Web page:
# Identifying multicollinearity of categorical variables in a logistic regression

I am doing a logistic regression where all of my independent variables are categorical variables. Where some of the assumptions that a linear regression model makes can be waived for a logistic regression model, multicollinearity is still something that is to be tested for the sample data. How do I quantify the multicollinearity between several categorical variables? I looked into the available questions/answers here regarding this, few suggesting trying to fit an ill-fitted linear regression and look at the VIF to decide. Would it be enough? Or, is there any other specific methods for this purpose? Any suggestion is highly appreciated. Thank you in advance.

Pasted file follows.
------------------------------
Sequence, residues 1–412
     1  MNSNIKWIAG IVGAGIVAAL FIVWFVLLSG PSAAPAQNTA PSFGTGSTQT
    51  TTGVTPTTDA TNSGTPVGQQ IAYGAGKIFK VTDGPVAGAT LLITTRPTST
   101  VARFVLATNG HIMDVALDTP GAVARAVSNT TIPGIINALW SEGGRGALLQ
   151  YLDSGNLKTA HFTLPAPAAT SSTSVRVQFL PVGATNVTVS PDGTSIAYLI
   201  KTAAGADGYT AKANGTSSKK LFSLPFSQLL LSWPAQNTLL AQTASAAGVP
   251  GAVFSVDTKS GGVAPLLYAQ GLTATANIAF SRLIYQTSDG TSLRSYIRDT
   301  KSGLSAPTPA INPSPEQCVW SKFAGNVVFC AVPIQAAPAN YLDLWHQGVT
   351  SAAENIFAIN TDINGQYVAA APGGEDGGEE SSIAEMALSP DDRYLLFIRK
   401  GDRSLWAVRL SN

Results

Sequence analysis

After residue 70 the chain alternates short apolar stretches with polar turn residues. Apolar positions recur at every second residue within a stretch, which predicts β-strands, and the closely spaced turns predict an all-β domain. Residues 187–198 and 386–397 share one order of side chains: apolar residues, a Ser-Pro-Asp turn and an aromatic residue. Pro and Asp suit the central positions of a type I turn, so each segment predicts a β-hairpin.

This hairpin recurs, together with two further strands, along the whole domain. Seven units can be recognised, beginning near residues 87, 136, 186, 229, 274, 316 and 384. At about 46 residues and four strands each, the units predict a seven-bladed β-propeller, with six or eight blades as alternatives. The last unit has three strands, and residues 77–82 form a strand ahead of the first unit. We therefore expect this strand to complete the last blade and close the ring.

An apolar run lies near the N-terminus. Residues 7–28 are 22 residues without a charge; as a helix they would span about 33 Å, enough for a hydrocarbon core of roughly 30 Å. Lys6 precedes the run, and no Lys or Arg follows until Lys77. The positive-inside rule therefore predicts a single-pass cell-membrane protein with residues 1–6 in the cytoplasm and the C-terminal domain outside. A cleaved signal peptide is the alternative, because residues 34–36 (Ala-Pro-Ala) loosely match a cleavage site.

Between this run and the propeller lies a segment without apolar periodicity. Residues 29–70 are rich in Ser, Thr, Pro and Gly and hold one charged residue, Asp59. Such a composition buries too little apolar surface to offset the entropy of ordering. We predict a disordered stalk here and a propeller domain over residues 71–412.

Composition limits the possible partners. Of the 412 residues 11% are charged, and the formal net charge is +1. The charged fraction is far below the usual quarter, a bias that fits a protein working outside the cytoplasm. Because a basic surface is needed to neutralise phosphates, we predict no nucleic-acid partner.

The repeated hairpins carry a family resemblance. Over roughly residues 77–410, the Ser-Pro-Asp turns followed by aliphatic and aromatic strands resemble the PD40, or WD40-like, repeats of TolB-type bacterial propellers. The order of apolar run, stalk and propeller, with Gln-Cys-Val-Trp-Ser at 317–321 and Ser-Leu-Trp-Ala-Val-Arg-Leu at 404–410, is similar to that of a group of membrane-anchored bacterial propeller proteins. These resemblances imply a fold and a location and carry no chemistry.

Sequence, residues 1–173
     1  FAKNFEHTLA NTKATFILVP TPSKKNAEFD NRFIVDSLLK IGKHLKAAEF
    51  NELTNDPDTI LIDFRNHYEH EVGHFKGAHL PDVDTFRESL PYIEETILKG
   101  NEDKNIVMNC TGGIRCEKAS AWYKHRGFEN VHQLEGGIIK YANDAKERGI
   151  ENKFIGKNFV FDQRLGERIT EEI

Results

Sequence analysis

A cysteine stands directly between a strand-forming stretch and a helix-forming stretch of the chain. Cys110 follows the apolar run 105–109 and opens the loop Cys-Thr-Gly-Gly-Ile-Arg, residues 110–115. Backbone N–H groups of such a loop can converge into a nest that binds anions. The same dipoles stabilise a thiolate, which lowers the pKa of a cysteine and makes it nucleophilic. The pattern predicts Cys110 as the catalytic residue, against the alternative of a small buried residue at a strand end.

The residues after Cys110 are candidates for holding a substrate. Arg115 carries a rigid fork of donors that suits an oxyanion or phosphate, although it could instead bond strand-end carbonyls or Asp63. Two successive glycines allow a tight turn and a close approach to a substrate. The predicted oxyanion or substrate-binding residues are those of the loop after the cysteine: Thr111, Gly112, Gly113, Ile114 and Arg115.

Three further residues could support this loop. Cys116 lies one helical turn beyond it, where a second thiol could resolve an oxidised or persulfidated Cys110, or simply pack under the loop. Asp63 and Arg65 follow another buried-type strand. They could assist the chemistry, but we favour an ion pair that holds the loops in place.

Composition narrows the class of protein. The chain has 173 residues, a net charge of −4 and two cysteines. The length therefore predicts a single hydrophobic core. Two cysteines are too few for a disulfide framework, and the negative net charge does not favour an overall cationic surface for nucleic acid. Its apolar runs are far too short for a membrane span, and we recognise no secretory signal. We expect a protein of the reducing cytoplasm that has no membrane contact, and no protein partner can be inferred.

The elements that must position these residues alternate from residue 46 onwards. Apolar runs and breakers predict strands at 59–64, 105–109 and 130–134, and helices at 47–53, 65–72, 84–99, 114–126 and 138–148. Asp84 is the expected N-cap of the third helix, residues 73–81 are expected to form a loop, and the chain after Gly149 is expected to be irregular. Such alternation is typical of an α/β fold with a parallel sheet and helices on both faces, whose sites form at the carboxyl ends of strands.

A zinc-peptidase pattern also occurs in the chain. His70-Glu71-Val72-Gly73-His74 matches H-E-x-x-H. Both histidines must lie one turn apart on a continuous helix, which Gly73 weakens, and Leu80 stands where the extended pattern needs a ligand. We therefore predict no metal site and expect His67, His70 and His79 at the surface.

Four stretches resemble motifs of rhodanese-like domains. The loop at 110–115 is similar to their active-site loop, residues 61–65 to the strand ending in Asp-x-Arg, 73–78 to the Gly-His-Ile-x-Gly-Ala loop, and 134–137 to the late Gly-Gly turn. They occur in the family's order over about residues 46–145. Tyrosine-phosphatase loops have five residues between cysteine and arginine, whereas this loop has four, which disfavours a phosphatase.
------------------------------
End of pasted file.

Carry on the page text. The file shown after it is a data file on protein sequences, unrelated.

• See Dave Giles' blog post "Can You Actually TEST for Multicollinearity?" (spoiler: no, you cannot). Feb 28, 2017 at 20:21
• @RichardHardy Great post! Thank you! I have rephrased my question. Feb 28, 2017 at 20:39

## 1 Answer

The VIF has been generalized to deal with logistic regression (assuming you mean a model with a binary dependent variable). In R, you can do this using the vif function in the car package.

As @RichardHardy has said, it is not a test though. At the end you will get some GVIFs and still need to make some subjective decisions. The thing to keep in mind is that if you have high VIFs, it means that your standard errors will be inflated from some of your estimates, so results that could be meaningful may not be detected as being significant. The books and writings by John Fox, who also co-wrote the car package, are a great resource for understanding multicollinearity.